Although he managed to escape, his niece was among those killed.

A KA resistance fighter who was part of the battle described the scene:

We had the area surrounded, with our forces both down the hill and on top. The [junta] troops were climbing up the middle, split into two units, unaware we were there. We started firing as they climbed towards us. As soon as the fighting started, we heard women screaming and thought the [junta soldiers] had brought their families. But it turned out they were [captured] civilians.

The KA resistance fighter told BWCI and Fortify Rights how he heard screams from the battle ground, saying:

I heard [screams], but we had no idea who [the civilians] were or how they got there. Since we started the fight, we had to finish it. We couldn’t tell if we hit the children, because we were firing from far away. We couldn’t see them clearly as they were with the junta troops. We could only see the junta troops and fired at them.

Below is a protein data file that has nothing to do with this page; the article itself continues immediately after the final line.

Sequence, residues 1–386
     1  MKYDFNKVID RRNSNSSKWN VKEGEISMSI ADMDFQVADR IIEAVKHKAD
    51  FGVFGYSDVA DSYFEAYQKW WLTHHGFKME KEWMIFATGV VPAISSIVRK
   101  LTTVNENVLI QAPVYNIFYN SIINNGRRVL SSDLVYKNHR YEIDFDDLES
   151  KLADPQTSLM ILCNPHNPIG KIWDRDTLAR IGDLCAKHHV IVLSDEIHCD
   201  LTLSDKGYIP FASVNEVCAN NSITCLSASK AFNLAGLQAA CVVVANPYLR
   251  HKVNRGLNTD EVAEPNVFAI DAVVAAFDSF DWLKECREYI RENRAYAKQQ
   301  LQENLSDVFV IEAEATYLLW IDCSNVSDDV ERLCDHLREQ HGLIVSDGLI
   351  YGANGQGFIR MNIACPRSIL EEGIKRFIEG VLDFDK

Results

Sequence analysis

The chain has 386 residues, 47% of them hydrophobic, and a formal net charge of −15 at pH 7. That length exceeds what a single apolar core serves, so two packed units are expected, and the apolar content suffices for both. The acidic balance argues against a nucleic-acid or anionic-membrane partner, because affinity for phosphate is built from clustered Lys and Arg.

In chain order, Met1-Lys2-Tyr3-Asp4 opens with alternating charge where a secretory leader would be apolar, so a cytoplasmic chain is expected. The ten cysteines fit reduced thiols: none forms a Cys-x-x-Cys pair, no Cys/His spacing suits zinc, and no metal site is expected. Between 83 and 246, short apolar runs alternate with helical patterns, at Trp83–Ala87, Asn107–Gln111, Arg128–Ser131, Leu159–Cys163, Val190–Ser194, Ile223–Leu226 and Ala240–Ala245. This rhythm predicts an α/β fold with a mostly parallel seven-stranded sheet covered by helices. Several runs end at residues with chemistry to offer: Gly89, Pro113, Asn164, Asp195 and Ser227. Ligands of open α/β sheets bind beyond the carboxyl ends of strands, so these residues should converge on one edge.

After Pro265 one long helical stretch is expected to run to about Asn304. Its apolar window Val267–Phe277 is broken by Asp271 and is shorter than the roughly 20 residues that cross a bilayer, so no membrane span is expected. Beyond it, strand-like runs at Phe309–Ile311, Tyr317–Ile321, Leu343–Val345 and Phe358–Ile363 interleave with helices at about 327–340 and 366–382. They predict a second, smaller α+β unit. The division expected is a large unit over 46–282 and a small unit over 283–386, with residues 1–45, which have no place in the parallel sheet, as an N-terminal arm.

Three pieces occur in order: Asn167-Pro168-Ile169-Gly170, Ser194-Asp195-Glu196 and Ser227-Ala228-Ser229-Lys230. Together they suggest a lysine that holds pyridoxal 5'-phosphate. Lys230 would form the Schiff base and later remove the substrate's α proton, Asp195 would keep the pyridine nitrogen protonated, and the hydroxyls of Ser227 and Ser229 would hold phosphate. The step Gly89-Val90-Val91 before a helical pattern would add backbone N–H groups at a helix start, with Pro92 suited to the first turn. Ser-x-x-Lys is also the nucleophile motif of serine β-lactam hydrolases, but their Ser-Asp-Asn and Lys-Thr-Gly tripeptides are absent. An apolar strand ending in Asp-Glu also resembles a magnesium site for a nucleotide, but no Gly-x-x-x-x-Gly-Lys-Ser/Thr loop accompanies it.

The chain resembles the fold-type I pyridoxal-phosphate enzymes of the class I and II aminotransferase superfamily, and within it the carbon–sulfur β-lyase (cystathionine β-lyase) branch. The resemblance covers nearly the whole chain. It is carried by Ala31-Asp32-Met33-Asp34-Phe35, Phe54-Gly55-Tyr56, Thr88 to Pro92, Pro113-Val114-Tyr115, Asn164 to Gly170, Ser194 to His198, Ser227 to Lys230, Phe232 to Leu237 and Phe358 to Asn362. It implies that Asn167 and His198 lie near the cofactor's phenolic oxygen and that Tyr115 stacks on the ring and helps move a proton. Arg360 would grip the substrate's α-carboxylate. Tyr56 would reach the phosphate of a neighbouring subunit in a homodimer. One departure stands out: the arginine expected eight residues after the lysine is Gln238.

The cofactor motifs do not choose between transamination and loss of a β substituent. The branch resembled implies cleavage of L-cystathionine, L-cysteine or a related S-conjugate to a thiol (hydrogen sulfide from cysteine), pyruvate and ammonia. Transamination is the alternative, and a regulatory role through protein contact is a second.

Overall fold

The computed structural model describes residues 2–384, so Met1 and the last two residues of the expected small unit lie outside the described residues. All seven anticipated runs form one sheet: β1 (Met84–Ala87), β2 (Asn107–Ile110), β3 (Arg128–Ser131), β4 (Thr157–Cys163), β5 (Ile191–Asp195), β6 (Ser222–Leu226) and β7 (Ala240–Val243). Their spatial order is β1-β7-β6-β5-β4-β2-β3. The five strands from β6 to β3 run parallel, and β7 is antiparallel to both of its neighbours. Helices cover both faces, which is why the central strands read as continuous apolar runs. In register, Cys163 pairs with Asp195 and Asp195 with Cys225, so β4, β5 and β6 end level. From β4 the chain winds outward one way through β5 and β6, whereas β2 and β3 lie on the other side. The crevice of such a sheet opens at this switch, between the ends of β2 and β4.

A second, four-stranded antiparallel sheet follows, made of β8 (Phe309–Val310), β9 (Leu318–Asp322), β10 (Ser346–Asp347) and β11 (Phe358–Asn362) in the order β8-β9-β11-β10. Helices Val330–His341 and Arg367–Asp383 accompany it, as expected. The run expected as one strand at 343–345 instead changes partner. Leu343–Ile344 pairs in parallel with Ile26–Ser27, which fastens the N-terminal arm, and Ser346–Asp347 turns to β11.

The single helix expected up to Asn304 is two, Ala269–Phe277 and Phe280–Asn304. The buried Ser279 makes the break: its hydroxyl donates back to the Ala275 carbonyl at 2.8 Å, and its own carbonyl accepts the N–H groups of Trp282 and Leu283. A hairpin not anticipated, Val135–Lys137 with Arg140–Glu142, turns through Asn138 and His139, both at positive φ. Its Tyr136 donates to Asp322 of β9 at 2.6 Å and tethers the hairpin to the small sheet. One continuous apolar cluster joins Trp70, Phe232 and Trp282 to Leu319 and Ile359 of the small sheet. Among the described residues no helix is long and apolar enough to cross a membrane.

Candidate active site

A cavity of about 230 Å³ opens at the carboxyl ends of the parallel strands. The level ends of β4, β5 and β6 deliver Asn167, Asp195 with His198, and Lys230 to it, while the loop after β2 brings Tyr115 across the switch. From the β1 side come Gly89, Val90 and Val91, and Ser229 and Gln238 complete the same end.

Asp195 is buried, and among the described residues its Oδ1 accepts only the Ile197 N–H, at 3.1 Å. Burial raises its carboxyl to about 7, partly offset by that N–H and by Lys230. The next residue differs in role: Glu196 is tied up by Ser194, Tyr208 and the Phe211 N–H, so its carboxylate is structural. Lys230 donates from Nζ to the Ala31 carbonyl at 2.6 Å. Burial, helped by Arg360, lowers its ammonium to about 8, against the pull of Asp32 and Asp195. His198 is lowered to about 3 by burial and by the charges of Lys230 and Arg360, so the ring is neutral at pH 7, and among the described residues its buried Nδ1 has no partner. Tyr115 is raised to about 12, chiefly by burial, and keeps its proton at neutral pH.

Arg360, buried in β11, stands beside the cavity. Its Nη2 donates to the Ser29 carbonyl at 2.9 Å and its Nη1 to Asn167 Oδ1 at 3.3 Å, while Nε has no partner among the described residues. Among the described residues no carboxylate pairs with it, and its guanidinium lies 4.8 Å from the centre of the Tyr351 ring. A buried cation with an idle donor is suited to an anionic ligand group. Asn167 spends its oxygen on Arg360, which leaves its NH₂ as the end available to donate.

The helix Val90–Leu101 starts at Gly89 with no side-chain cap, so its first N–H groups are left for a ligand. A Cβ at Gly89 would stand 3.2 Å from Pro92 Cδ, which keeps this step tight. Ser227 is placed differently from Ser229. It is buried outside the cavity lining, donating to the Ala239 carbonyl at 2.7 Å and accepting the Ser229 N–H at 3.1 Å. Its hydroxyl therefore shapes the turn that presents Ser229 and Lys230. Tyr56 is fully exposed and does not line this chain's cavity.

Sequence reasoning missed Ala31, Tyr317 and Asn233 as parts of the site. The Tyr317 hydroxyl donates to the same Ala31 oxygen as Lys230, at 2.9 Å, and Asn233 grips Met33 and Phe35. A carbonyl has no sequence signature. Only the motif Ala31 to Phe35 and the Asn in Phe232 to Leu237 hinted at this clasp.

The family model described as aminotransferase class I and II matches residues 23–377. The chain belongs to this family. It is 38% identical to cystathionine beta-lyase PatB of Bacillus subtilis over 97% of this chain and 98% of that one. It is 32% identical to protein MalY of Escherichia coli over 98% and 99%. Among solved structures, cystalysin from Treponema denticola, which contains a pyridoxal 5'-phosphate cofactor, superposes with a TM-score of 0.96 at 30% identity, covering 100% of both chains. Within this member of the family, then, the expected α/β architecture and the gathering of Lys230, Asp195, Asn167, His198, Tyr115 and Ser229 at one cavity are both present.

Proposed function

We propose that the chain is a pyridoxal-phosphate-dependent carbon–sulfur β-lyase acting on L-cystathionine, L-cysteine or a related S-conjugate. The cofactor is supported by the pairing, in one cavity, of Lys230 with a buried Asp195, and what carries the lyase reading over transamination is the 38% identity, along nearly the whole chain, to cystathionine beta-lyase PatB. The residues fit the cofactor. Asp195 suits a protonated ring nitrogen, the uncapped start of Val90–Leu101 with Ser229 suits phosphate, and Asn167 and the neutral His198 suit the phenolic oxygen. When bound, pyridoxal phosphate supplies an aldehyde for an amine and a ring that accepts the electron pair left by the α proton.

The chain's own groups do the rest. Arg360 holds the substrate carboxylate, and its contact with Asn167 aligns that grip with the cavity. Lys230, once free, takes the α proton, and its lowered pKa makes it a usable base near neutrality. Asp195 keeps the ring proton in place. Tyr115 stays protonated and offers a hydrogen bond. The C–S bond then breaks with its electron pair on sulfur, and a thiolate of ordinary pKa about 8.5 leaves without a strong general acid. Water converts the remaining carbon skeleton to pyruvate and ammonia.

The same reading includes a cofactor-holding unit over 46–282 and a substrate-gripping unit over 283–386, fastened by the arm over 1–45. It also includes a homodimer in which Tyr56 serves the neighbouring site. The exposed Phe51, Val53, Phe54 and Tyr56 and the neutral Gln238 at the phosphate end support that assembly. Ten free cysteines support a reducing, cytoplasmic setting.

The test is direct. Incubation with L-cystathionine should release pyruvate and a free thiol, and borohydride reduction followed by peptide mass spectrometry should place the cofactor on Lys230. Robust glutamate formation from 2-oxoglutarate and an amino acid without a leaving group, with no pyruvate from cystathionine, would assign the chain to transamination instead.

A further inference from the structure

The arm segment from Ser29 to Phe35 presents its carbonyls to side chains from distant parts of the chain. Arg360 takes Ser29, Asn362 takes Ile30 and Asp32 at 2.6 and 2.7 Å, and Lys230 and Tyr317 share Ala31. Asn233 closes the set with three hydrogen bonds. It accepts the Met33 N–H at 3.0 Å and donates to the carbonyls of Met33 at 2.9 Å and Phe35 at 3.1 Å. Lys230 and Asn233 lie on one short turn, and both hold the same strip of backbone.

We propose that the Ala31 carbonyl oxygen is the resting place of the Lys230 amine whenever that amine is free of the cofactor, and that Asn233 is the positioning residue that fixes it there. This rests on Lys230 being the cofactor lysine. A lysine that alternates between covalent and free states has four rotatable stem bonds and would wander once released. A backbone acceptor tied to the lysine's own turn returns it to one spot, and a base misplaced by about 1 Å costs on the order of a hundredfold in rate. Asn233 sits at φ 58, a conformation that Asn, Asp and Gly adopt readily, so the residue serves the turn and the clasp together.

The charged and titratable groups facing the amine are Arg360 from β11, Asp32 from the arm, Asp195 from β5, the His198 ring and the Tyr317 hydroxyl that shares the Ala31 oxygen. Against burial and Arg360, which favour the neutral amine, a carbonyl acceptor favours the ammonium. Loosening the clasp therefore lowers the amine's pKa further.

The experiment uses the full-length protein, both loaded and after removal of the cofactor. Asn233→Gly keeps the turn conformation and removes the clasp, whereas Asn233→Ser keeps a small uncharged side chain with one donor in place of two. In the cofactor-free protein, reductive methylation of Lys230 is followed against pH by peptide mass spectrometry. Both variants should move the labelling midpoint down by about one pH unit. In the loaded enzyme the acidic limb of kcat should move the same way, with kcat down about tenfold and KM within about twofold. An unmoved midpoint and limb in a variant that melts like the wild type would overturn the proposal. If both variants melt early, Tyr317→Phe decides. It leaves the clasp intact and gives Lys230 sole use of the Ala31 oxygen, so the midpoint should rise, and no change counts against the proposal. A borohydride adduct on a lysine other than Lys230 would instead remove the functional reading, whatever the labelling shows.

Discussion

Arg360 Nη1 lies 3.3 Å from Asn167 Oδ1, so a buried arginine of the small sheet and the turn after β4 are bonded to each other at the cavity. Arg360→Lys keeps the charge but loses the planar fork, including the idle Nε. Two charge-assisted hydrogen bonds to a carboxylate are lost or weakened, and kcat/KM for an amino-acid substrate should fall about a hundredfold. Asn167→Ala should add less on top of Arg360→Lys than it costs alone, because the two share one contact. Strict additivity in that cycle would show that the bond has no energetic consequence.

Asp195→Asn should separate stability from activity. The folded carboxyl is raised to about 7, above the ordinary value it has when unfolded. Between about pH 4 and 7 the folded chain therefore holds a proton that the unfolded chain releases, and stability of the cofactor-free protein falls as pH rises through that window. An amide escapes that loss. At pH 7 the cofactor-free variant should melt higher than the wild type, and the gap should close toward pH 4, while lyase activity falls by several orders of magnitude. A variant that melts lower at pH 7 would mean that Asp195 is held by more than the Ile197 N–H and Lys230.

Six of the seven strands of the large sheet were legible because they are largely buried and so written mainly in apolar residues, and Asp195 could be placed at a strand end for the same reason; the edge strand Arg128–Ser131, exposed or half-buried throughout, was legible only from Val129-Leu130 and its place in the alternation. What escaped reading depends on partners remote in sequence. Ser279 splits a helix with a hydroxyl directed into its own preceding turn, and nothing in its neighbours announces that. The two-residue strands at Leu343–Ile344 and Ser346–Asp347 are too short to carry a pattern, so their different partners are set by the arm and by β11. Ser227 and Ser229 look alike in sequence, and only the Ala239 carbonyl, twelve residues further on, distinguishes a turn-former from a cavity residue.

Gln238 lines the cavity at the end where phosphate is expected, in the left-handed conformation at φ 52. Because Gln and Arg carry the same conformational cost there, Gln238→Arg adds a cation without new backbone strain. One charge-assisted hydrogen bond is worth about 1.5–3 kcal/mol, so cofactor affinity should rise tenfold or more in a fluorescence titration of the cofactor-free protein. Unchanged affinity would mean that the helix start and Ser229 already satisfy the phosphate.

He continued, saying: “During the fight, kids and moms were screaming things like, ‘Oh, my son,’ or ‘Oh, my daughter,’ frightened. We heard the junta troops ordering them to stop screaming.”

Describing the aftermath of the offensive and seeing the civilians’ dead bodies, the resistance fighter said: “We did [see the bodies] after the troops fled. … I couldn’t bring myself to check on the children I didn’t have the courage to check on the children when asked. When I saw their bodies, I couldn’t stop crying and was too scared to uncover them.”

He continued, saying:

The youngest one, a child, was found a bit away from the group and was still breathing at first. I called a medic, but the child died on the way. I didn’t know where he was shot, but the medic said he was hit in the back. He was the youngest boy [Li Reh], and I couldn’t save him.

Photographs and videos on file with BWCI and Fortify Rights show the six dead bodies, including 45-year-old Law Mae and seven-year-old Ma Nang Khin with gunshot wounds to the head.

Relatives of the women and children described the impact. One woman said, “[The military] took everything. … I don’t know what to say. I lost my sisters. My elder sister, my younger sister, my nieces.”